If Cuomo got the Dem nomination for Pres in 2020 against Trump, it would mean both candidates grew up in Queens, NY, only a few miles from each other (although Trump is more than 10 years older). Queens is also where I grew up, but I’m not running for anything and don’t blame me for those two!

      Queens rules!! From another RRH contributor that rule up in Queens. (And who lived only about two miles from Trump’s boyhood home.) As Mario Cuomo used to say, “you can take the kid out of Queens, but you can’t take Queens out of the kid.” For better or worse.

      By the way, anyone know the last time both major party nominees came from the same county? Has it ever happened?

      • shamlet August 8, 2017 at 3:17 pm

        Depending on how you define “from” it happened in 1944. Dewey was by that time living in Pawling, Dutchess County, though he built his career in Manhattan (and was born in Michigan).

        Not actually sure if there was a case of two presidential nominees being born in the same county and then building their careers/living in different places by election time.


        R, MD-7. Put not your trust in princes. Process is more important than outcome.

        • Manhatlibertarian August 8, 2017 at 4:10 pm

          1944 was the last time until 2016 that both major party candidates came from New York. Despite being Gov of NY, Dewey was strong only in the MidWest in 1944 and did poorly in the NE, South and West against FDR.

      • Manhatlibertarian August 8, 2017 at 4:50 pm

        Well but middle class Queens is the “land of Fran Drescher” and big name politicians tend to leave it when they grow up. Trump moved to Manhattan and Andrew Cuomo to Westchester. I can’t remember the last time NYC had a mayor who was a resident of Queens when elected mayor, despite it being the 2nd most populous borough. By the way KewGardens, Fran Drescher was born in – you guessed it Kew Gardens, Queens! She went to the same college I went to, Queens College,but not at the same time.

        • rdw72777 August 8, 2017 at 4:59 pm

          Because you didn’t add a disclaimer, I absolutely WILL blame you for Fran Drescher.

          • Manhatlibertarian August 8, 2017 at 5:26 pm

            Yes it is true, being from Queens,I am to blame for Fran Drescher and her voice. But don’t ask me how!

            • Izengabe August 8, 2017 at 5:44 pm

              Actually that’s not Fran Drescher’s real voice. Its a phony accent she puts on for laughs. This is her real voice:
              https://www.youtube.com/watch?v=1DJ8B1ek_L0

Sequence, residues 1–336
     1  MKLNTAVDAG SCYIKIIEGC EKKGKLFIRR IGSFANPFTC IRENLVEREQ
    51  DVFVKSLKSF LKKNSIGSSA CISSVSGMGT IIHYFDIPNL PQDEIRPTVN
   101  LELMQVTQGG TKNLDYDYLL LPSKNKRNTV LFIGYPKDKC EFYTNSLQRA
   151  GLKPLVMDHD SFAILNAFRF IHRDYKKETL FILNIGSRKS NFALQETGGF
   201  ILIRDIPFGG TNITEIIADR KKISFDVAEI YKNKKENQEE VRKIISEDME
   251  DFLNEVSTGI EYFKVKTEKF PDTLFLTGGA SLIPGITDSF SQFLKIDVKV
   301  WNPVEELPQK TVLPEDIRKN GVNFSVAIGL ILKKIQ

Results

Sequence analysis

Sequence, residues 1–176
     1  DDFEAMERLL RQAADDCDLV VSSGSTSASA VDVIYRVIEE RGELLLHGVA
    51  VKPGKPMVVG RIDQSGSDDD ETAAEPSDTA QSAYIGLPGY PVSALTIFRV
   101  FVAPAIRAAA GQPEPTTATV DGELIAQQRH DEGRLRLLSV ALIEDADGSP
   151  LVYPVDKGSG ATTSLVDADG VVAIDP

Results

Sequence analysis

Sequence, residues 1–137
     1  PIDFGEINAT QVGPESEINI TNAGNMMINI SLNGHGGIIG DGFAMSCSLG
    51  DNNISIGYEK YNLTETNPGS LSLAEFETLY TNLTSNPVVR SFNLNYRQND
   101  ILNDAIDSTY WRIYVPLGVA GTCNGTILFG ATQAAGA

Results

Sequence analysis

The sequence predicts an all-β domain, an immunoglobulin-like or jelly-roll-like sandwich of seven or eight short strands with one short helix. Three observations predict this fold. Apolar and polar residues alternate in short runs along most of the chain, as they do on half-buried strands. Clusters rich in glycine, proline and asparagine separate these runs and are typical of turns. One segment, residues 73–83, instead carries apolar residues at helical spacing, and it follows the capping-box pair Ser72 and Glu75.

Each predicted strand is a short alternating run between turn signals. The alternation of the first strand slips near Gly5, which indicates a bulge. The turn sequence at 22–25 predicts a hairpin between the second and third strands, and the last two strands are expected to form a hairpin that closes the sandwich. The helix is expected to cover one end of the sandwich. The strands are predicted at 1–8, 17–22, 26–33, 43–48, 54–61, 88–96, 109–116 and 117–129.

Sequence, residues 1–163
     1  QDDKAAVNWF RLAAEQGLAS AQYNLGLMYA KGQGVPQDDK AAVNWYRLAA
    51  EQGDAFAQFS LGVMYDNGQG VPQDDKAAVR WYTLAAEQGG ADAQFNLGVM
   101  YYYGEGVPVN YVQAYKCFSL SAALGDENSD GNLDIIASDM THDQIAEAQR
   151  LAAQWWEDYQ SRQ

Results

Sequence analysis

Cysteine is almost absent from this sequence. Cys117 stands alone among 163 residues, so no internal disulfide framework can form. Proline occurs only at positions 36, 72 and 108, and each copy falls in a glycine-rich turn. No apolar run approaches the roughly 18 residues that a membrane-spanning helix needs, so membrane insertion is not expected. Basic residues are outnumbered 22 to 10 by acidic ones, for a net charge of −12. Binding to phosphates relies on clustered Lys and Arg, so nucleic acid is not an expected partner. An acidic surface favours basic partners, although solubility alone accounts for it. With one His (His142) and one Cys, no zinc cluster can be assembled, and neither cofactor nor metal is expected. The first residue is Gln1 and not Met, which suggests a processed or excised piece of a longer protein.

Follow me on Twitter: @Izengabe_

            • kewgardens August 8, 2017 at 5:55 pm

              And Jerry Springer (former mayor of Cincinnati) also grew up in Kew Gardens! And he attended my elementary school — though long before I did.

        • Republican Michigander August 9, 2017 at 10:42 am

          I busted out laughing reading this – “middle class Queens is the “land of Fran Drescher””

          My grandmother was originally from Queens (Woodhaven) before moving to Lawn Guyland. She had a faint NY accent which was closest to a modern Lawn Guyland accent.

          She didn’t talk like Drescher, or Trump for that matter.


          MI-08 - Michigan is a red state again. We need a 50 state strategy and an 83 county strategy.

  • Greyhound August 8, 2017 at 2:53 pm

    ARG Poll has Kasich up 12 on Trump in a NHGOP Primary:
    http://americanresearchgroup.com/nhpoll/pres20/

    Call me skeptical Trump has a 44% approval rating among NHGOP Primary voters though.


    R, 26, CA-18. Anti-Anti-Trump

    • Manhatlibertarian August 8, 2017 at 3:08 pm

      Yeah Trump has been sinking in the polls, but Kasich, I don’t know if he can win. The more you get to know him, the less there is to love!

    • kewgardens August 8, 2017 at 3:13 pm

      New Hampshire, Vermont, Massachusetts and (maybe) Ohio would be Kasich’s best states. Trump would probably beat him everywhere else.

      • jncca August 8, 2017 at 3:45 pm

        Utah?


        24, CA-6. Part Obama, Part May, Part Christian Democrat.

        • rdw72777 August 8, 2017 at 3:58 pm

          And Idaho and probably Wyoming for similar reasons. In a contested (but not clown car) primary it would be interesting to see how Trump would fare in South Carolina. I really feel like that was the turning point in 2016 when he was able to do a clean sweep with only 1/3 of the vote…just so much attention and belief he could actually win just let him gain the news cycle permanently on an electoral basis (he already had it from an entertainment basis). Depending on the opposition he could conceivably lose but I don’t think the perfect opponent even bothers running and he gets a majority in SC.

          • jncca August 8, 2017 at 8:14 pm

            The WY GOP is very conservative and <25% Mormon. I don't know why Trump would lose there.

            In Idaho it might be close but I'd give the edge to Trump. The non-Mormon parts of the state are a great fit for him.


            24, CA-6. Part Obama, Part May, Part Christian Democrat.

    • Wahoowa August 8, 2017 at 8:02 pm

      Don’t encourage him.


      CO-7

    • GoBigRedState August 8, 2017 at 10:05 pm

      John Kasich may be the only person that I would vote for Trump over in a Republican primary. My chances of voting for Kasich in a general election are probably lower than Trump’s too.


      45, NE-1, #NeverTrump in 2016, support Trump now as situation warrants

      • Greyhound August 9, 2017 at 3:11 am

        I admit to having irrational levels of hatred of the man, but its mostly because he fit my early-2015 idea of what a successful 2016 GOP candidate would be perfectly–Fiscally Populist Blue-collar Midwestern Governor. Then he went full John Weaver and did everything he possibly could to ensure that the GOP couldn’t pivot around Trump in 2016 with the likely intent of parading around as the “Voice of reason” when Trump failed in the GE.